The Second Son

➹ The Second Son Free ➯ Author Mrs. Oliphant –
  • Nook
  • 0 pages
  • The Second Son
  • Mrs. Oliphant
  • English
  • 05 October 2018

About the Author: Mrs. Oliphant

Margaret Oliphant Wilson Oliphant n e Margaret Oliphant Wilson , was a Scottish novelist and historical writer, who usually wrote as Mrs Oliphant Her fictional works encompass domestic realism, the historical novel and tales of the supernatural.Margaret Oliphant was born at Wallyford, near Musselburgh, East Lothian, and spent her childhood at Lasswade near Dalkeith , Glasgow and Liverpool A

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10 thoughts on “The Second Son

  1. says:

    Edmund thought wistfully, with a certain envy, of his brother s complete escape He had no temptation to put an end to his life, yet a great weariness took possession of him If he could but turn his back on everything, flee far from them Oh, for the wings of a dove But where Not to some foreign land, which was the ordinary, commonplace expedient, to change the sky, but not the mind What Edmund really wanted was to escape from himself and that, alas, is what none can do The of Margaret Oliphant I read, the sure I become that she is overdue for rediscovery Surely some graduate student of Victorian literature is on the very verge of realizing what a gold mine she is, with her immense and treasurable body of work The Second Son is a strange, off center novel written near the end of Oliphant s life The exact chronology of her life is not quite clear but by the time she wrote this book she had lost her husband and at least one of her three or four children, probably two The last would die within a few years, leaving her alone, overwhelmed and bewildered with grief, and trying to trust that God had a purpose that one day she would understand Her losses took place over many years of an amazingly productive life For a long time she was able to keep writing the confident, funny, wise novels she was known for, despite her personal anguish But gradually themes begin to appear that reflect her deepest concerns How can so much suffering afflict one family What makes one child successful or good and another different Do the dead know what their survivors are doing and feeling Can they influence them in any way Do they want to Will family sorrows and divisions really be reconciled in the afterlife Some of these concerns appear obliquely in The Second Son The book, although it includes a love story quite a few, actually cannot be described as a love story itself Primarily it deals with the relationships between a prosperous, irascible squire the leading gentleman in his county and his three sons The middle son seems at first to be a pallid spaceholder between his stronger, decisive brothers He passively observes the love affair of his older brother, the heir Only when their father threatens to disinherit that son for deciding to marry beneath his station does Edmund, the second son, begin to show or become who he really is Yet his efforts to intervene are futile He is still a spectator, only now he is one whose heart aches and whose virtue has been tested by fire Oliphant is always exceptional in portraying male characters, and in this book, unusually, her men are important than her women though, as often with Oliphant, one of the minor female characters is so intriguing that she threatens to steal the show Remarkable too is her ability to write so much while repeating herself so little One knows one is reading an Oliphant, yet there is no dullness, little sense that earlier plots, characters or settings are being recycled or developed The Second Son, portraying a hero who refrains from acting as often as he acts, necessarily takes a psychological turn The reader follows the circling of Edmund s thoughts as he finds himself a key player in a drama, indeed a tragedy, that he neither chose nor controls Sharing his burdens as it were, one comes away with a sense of lacrimae rerum the tears of things Edmund s own story is not tragic, however, and Oliphant s realism is seen in her depiction of how naturally even the most loyal heart moves from grief to happiness and even, at last, self actualization.Oliphant wrote many cheerier novels, including the satirical masterpiece Miss Marjoribanks, but The Second Son addresses the inevitable sorrows of life that we behold and grieve without being able to change them, no matter how desperately we try The vast majority of Oliphant s works are out of print I read this one and a number of others through Google Play The app is annoying, but I have to be grateful to Google for making even Oliphant s least known works accessible At this writing, The Second Son does not even appear in Wikipedia s list of her novels.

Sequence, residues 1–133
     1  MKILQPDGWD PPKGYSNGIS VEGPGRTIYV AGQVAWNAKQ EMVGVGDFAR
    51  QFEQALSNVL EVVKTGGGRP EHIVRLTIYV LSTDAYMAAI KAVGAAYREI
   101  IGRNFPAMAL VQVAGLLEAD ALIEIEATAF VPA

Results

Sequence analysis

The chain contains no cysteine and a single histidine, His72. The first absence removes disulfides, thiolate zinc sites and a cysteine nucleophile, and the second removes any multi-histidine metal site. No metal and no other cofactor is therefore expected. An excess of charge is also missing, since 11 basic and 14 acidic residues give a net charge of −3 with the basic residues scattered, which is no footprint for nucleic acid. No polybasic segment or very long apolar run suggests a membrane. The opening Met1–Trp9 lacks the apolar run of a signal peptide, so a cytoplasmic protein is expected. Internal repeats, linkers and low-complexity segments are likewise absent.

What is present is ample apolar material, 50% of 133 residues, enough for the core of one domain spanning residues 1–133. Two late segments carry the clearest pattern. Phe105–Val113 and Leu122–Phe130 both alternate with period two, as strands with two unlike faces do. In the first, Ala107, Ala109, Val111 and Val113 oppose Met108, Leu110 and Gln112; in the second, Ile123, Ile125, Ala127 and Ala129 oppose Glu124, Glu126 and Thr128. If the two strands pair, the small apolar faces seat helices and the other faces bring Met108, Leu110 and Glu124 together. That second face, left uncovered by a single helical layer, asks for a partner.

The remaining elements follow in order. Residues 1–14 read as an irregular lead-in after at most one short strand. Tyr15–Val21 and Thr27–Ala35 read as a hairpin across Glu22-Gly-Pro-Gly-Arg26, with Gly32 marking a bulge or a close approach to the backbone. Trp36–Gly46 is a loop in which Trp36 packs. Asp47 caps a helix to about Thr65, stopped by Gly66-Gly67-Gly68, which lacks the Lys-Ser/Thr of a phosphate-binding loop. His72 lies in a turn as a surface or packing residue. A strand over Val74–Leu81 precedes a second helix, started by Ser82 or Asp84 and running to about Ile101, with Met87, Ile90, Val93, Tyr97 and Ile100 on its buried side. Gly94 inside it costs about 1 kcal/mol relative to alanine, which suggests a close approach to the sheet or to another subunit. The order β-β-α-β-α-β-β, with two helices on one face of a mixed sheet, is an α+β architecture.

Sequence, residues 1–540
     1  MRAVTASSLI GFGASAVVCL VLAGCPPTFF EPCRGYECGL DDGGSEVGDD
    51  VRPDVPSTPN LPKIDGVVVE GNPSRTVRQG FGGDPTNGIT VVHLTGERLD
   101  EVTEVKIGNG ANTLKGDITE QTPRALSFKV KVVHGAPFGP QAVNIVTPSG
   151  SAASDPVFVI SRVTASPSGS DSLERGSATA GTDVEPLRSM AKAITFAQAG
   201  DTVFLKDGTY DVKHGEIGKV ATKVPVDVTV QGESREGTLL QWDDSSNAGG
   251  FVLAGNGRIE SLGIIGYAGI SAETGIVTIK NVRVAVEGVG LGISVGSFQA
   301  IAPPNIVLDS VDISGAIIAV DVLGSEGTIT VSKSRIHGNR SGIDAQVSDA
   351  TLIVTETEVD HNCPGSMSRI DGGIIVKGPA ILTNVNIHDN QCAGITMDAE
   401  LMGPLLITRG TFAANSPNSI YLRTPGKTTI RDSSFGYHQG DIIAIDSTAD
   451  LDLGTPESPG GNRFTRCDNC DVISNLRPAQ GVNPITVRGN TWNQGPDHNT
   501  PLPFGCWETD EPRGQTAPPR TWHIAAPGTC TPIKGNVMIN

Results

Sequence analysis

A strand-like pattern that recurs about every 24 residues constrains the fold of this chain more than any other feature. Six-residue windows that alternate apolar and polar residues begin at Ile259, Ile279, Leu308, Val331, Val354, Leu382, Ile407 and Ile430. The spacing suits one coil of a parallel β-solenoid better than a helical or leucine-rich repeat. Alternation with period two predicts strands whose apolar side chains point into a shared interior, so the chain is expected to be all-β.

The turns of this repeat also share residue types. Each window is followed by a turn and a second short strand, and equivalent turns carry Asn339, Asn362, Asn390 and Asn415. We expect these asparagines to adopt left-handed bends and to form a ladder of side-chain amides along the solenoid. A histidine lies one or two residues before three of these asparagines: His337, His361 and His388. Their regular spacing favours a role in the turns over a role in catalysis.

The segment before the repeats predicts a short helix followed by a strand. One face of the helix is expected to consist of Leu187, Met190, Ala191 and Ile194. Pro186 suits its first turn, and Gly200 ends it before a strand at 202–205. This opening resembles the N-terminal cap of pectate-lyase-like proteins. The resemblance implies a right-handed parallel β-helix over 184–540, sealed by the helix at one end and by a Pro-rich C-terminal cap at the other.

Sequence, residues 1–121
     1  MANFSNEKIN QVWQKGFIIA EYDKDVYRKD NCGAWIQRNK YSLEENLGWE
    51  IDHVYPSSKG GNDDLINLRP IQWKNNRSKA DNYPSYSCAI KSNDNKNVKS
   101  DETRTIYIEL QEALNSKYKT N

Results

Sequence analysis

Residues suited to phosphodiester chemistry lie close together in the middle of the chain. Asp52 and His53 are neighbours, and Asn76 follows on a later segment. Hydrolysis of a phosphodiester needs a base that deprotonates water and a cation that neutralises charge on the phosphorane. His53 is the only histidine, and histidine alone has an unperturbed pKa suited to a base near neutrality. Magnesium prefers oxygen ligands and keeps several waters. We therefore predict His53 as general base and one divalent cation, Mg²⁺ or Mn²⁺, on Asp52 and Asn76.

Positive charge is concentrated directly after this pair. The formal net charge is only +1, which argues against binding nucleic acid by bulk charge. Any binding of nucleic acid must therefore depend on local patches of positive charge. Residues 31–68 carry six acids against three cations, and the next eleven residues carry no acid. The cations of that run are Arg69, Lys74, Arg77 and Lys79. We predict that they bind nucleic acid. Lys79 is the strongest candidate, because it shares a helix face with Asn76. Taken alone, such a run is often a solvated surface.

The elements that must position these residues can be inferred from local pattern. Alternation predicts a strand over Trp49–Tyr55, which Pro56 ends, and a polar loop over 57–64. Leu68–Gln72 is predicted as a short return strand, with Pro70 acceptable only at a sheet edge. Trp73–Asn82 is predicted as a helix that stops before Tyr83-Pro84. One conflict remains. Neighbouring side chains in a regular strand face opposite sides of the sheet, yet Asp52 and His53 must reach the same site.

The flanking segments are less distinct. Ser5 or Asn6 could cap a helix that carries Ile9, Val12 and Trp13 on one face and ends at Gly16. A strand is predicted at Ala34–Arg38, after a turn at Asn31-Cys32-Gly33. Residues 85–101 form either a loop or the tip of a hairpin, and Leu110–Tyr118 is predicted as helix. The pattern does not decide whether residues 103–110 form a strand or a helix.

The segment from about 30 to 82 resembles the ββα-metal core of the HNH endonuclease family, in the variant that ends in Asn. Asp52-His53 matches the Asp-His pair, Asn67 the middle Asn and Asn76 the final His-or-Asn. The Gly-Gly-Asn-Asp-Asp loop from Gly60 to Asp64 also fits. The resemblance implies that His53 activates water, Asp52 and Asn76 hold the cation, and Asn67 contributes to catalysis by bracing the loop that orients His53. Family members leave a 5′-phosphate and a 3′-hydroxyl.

2. says:

    I liked it well enough, though she has not the humor nor irony of an Austen Her characters were believable, and yet not very compelling Perhaps I believed in them too much and they were just too normal They all acted their parts very well.

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